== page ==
Thailand Servitude Law Explained

By Ryan Jackson

When making any property purchase in Thailand and it is important that you ensure that your intended property purchase has servitude over any non public roads leading to your property. This article explains the law surrounding servitude in Thailand and gives an insight on how it may affect your property investment.

What You Need to Know About Servitude Law in Thailand

Servitude law in Thailand can give property owners the right to make use of neighbouring land. It is important to understand what rights and obligations you have under servitude law when buying property in Koh Samui.

What is Servitude?

Servitude is a protected right of way or easement that can exist over private property. The dominant property has the right to use the servient property in a particular way. Often it is simply a right to access another property by foot or in a vehicle, but servitude can also cover other kinds of access. It might enable pipelines and utilities to be laid across the land, provide access to a shared water supply, or even restrict the height of neighbouring buildings.

What the Law Says

The servitude laws appear in sections 1387-1401 of the Thai Civil Law and Commercial Code. The law states that a property under servitude must allow that access to continue. The right of servitude is usually created by registering it with the Land Department. This requires the submission of a document written in Thai, which can be accompanied by an English translation. Once registration is complete, the right of access will be enforceable under servitude law in Thailand. In some cases, servitude exists without registration, if the right has been exercised for many years, but it is best to be certain that it is guaranteed before committing to buy any land.

Once servitude has been granted, the right is protected. It will remain in place even if the dominant or servient properties are sold or divided. The dominant property won't be able to increase their demands and the servient one won't be able to diminish the benefits provided. The owner of the dominant property will be responsible for maintenance costs, but they will be shared with the other property if it also benefits. For example, if the servitude covers a shared well, both properties would have their share of the water guaranteed while the owners would share the costs of maintenance. For an access road that is only used by the dominant property, the costs would fall to that property alone.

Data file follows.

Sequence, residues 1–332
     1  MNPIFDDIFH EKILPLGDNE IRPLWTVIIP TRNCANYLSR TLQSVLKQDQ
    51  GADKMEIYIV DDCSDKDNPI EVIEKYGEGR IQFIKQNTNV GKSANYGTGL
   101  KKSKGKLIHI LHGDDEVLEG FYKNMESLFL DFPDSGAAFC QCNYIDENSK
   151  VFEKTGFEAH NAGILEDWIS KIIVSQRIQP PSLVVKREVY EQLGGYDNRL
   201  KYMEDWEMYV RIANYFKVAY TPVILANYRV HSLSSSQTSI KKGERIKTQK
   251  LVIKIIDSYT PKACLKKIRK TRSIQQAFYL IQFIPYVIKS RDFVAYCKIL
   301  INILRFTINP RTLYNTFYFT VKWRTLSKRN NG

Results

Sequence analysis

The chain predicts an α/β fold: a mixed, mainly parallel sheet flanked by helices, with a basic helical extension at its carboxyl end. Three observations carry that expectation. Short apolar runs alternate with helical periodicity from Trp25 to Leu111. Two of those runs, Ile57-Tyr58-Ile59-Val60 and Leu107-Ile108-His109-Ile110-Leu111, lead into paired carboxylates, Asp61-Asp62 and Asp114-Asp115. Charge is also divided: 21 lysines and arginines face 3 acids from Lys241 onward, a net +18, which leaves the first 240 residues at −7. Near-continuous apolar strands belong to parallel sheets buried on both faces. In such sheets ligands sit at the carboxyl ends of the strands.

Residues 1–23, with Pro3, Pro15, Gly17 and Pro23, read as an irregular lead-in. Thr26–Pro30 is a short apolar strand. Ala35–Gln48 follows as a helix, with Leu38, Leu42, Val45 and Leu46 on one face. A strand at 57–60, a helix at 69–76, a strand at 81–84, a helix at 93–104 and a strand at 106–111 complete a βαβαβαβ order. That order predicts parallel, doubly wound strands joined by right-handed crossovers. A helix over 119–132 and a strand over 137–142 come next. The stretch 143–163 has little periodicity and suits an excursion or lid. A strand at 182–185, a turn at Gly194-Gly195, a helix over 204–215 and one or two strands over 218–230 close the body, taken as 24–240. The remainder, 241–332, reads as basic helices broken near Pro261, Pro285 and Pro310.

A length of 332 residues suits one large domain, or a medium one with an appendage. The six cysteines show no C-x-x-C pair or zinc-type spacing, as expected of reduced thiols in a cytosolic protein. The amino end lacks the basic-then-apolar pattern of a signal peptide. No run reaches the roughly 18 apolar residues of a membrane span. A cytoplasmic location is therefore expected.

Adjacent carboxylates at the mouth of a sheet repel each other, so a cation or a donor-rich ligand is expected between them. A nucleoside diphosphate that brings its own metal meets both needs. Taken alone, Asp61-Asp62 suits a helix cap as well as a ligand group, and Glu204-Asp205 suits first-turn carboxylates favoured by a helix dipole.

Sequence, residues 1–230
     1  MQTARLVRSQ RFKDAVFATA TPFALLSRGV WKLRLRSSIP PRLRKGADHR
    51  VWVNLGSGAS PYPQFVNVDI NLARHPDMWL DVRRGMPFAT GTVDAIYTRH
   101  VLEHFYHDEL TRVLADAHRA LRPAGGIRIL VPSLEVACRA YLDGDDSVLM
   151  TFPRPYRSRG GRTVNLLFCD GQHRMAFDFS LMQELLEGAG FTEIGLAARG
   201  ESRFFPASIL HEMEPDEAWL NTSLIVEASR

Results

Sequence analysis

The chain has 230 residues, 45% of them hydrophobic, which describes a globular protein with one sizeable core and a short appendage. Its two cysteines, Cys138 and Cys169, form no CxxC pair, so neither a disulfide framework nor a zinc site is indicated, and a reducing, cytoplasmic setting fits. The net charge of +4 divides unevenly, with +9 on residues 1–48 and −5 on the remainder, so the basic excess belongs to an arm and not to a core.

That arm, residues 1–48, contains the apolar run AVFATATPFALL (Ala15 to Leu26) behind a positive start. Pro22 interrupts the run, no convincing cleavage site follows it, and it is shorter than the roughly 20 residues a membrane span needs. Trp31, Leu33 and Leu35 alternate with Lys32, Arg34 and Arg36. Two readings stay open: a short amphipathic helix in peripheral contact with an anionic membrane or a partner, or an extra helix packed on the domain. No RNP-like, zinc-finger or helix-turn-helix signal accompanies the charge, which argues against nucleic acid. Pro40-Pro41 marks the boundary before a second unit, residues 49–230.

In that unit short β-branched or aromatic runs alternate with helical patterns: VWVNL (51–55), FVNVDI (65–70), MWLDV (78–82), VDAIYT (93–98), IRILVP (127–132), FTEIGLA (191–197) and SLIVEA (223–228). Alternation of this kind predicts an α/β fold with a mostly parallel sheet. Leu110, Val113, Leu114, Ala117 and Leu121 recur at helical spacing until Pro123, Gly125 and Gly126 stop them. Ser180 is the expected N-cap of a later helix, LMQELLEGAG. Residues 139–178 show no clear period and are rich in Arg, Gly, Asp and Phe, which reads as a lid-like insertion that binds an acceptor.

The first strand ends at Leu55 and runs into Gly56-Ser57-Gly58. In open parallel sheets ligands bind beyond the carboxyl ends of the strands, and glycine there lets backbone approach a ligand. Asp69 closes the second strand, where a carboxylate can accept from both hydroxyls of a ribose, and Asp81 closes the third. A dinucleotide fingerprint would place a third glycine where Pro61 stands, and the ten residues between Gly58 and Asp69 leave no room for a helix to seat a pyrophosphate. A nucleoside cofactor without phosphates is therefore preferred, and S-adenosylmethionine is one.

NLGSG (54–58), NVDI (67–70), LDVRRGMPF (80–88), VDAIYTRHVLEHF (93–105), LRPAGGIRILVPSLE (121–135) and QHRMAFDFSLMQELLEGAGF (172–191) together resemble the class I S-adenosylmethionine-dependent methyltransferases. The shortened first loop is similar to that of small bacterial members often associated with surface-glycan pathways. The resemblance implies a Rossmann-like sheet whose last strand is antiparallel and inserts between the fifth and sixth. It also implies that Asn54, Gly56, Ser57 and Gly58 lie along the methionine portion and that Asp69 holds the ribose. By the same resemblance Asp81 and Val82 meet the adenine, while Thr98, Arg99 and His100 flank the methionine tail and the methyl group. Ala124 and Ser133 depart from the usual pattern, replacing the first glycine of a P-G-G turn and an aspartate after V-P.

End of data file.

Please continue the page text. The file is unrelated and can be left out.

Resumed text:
Why Is Servitude Law Important?

If you are buying property in Koh Samui, it is important to check whether any servitudes you need have been registered. If the property is separated from the public road by another property, having a protected right of way to access your land is essential. You should also check whether any other services you need will be protected by the servitude law of Thailand. It is also a good idea to check whether your neighbours will have any rights over your land as it could affect what you are able to do with the property. Servitude can also affect the value of your land. The benefiting property can get a boost to its value when these rights are registered, while the value of the burdened or servient property can be slightly reduced.

Servitude is not the only potential issue that can arise when you are investing in property in Thailand so always seek professional advice when making your property purchase.

JKO Property Investments is Thailands leading property investment company providing expert property advice to clients from all over the world. To learn more about our services and topics relating Thailand Servitude Law and property investment please visit www.jkopropertyinvestments.com

Links:
1. Thailand Servitude Law - http://www.jkopropertyinvestments.com/thailand-servitude-law-explained-koh-samui/

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This article was published on 14 Apr 2016 and has been viewed 0 times

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